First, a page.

82. "[Thou hast . . . ] him, that, even as Anu, he should issue decrees.

83. "[...] thou hast followed after evil,

84. "And [against] the .gods my fathers thou hast contrived thy wicked plan.

85. "Let then thy host be equipped, let thy weapons be girded on!

86. "Stand! I and thou, let us join battle!"

87. When Tiamat heard these words,

88. She was like one possessed, she lost her reason.

89. Tiamat uttered wild, piercing cries,

90. She trembled and shook to her very foundations.

91. She recited an incantation, she pronounced her spell,

92. And the gods of the battle cried out for their weapons.

93. Then advanced Tiamat and Marduk, the counsellor of the gods;

94. To the fight they came on, to the battle they drew nigh.

95. The lord spread out his net and caught her,

96. And the evil wind that was behind (him) he let loose in her face.

97. As Tiamat opened her mouth to its full extent,

98. He drove in the evil wind, while as yet she had not shut her lips.

99. The terrible winds filled her belly,

100. And her courage was taken from her, and her mouth she opened wide.

101. He seized the spear and burst her belly,

102. He severed her inward parts, he pierced (her) heart.

103. He overcame her and cut off her life;

104. He cast down her body and stood upon it.

105. When he had slain Tiamat, the leader,

106. Her might was broken, her host was scattered.

107. And the gods her helpers, who marched by her side,

108. Trembled, and were afraid, and turned back.

109. They took to flight to save their lives;

110. But they were surrounded, so that they could not escape.

111. He took them captive, he broke their weapons;

112. In the net they were caught and in the snare they sat down.

113. The [...] ... of the world they filled with cries of grief.

114. They received punishment from him, they were held in bondage.

115. And on the eleven creatures which she had filled with the power of striking terror,

116. Upon the troop of devils, who marched at her [...],

117. He brought affliction, their strength [he ...];

118. Them and their opposition he trampled under his feet.

119. Moreover, Kingu, who had been exalted over them,

120. He conquered, and with the god Dug-ga he counted him.

121. He took from him the Tablets of Destiny that were not rightly his,

122. He sealed them with a seal and in his own breast he laid them.

123. Now after the hero Marduk had conquered and cast down his enemies,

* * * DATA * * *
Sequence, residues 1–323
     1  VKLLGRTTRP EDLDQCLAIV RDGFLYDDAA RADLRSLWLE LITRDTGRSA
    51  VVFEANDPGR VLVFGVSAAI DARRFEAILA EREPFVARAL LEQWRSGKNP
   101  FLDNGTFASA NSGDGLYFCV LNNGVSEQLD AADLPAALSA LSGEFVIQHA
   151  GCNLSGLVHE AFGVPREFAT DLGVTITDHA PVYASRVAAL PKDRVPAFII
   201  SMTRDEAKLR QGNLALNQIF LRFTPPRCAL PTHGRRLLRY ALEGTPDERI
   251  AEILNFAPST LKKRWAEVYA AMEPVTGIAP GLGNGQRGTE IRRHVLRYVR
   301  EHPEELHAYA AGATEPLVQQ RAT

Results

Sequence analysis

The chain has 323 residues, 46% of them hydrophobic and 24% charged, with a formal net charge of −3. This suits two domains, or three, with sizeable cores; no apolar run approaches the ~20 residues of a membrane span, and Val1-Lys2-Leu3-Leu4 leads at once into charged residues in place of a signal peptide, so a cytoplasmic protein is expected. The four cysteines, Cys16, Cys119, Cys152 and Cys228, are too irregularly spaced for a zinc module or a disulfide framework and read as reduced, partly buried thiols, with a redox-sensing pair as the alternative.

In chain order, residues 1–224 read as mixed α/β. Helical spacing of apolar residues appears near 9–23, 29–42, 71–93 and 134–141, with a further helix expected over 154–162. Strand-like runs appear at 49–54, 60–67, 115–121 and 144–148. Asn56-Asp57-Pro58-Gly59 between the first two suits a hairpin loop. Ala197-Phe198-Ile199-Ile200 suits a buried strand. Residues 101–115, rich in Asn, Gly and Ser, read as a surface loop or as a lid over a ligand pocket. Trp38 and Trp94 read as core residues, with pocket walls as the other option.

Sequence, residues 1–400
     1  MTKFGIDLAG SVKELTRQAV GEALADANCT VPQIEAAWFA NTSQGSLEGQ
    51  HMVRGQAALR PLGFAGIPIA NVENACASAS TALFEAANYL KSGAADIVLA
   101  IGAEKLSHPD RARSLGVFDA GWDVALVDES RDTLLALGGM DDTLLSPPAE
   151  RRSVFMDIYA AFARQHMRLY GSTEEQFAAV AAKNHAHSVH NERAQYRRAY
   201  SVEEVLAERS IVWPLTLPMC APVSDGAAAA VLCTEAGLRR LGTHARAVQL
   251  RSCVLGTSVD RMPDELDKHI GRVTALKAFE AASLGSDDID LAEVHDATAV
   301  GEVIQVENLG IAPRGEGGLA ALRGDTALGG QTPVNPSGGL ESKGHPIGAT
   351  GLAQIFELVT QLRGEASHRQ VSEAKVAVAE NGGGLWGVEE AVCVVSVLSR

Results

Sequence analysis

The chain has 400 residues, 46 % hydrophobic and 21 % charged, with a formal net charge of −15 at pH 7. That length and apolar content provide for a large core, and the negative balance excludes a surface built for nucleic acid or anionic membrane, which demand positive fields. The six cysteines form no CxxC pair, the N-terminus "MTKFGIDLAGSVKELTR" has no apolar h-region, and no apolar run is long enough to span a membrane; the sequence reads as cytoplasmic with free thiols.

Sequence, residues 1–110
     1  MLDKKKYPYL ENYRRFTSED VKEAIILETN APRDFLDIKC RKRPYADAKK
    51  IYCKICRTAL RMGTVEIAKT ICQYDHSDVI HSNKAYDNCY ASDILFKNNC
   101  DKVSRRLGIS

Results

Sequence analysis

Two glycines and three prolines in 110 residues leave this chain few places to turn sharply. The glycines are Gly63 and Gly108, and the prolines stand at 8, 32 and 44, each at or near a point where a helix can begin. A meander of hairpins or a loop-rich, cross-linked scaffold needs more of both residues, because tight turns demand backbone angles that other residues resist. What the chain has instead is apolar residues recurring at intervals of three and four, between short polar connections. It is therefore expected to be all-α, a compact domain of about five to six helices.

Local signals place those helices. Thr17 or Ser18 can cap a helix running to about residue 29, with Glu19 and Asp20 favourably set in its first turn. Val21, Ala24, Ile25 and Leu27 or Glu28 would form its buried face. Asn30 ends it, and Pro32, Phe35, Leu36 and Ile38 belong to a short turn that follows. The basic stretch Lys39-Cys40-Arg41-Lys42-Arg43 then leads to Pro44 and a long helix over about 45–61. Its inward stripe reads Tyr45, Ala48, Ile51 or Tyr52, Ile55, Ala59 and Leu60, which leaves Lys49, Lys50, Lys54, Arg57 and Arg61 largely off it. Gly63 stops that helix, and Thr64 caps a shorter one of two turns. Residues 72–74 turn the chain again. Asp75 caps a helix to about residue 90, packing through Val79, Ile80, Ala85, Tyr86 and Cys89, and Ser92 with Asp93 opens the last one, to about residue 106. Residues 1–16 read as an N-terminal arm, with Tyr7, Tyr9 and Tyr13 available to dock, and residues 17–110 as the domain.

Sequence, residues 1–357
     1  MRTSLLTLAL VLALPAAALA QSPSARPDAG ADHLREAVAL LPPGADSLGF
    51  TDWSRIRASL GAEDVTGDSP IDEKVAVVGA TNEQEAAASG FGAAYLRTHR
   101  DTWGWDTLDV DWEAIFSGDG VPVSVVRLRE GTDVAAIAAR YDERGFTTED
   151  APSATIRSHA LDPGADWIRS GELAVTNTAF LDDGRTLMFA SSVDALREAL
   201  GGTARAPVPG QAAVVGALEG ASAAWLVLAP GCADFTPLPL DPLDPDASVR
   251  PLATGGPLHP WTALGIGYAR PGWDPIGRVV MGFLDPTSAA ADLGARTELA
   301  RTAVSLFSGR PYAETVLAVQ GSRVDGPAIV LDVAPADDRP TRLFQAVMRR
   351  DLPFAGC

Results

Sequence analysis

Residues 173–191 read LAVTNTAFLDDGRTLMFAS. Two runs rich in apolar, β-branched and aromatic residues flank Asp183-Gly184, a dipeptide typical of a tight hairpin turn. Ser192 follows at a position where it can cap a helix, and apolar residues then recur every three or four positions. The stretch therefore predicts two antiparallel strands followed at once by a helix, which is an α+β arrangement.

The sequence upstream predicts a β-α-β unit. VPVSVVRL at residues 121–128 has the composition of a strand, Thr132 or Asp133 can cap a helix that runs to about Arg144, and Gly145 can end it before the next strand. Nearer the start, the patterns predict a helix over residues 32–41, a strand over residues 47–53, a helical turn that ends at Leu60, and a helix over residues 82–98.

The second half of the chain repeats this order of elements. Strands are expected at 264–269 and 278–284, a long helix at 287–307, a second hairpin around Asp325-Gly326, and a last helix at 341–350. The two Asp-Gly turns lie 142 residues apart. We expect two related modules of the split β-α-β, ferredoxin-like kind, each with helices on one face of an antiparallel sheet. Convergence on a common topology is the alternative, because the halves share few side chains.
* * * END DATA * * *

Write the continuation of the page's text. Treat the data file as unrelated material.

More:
124. And had made the arrogant foe even like ...,

125. And had fully established Anshar's triumph over the enemy,

126. And had attained the purpose of Nudimmud,

127. Over the captive gods he strengthened his durance,

128. And unto Tiamat, whom he had conquered, he returned.

129. And the lord stood upon Tiamat's hinder parts,

130. And with his merciless club he smashed her skull.

131. He cut through the channels of her blood,

132. And he made the North wind bear it away into secret places.

133. His fathers beheld, and they rejoiced and were glad;

134. Presents and gifts they brought unto him.

135. Then the lord rested, gazing upon her dead body,

136. While he divided the flesh of the ..., and devised a cunning plan.

137. He split her up like a flat fish into two halves;

138. One half of her he stablished as a covering for heaven.

139. He fixed a bolt, he stationed a watchman,

140. And bade them not to let her waters come forth.

141. He passed through the heavens, he surveyed the regions (thereof),

142. And over against the Deep he set the dwelling of Nudimmud.

143. And the lord measured the structure of the Deep,

144. And he founded E-shara, a mansion like unto it.

145. The mansion E-shara which he created as heaven,

146. He caused Anu, Bêl, and Ea in their districts to inhabit.

This Tablet VI translation is taken from California State University, The Enuma Elish (PDF).[2]

They erected for him a ample throne.
Facing his fathers, he sat down, presiding.
“You are the most honored of the great gods,
Your decree is unrivaled, your command is Anu[3]
You, Marduk are the most honored of the great gods,
Your decree is unrivaled, your word is Anu.
From this day unchangeable shall be your pronouncement.
To raise or bring low—these shall be in your hand.
Your utterance shall be true, your command shall be unimpeachable.
No one among the gods shall transgress your bounds!
Adornment being wanted for the seats of the gods,
Let the place of their shrines ever be in your place.
O Marduk, you are indeed our avenger.
We have granted you kingship over the entire universe.
Your word shall be supreme when you sit in assembly.
Your weapons shall not fail; they shall smash your foes!
O lord, spare the life of him who trusts you,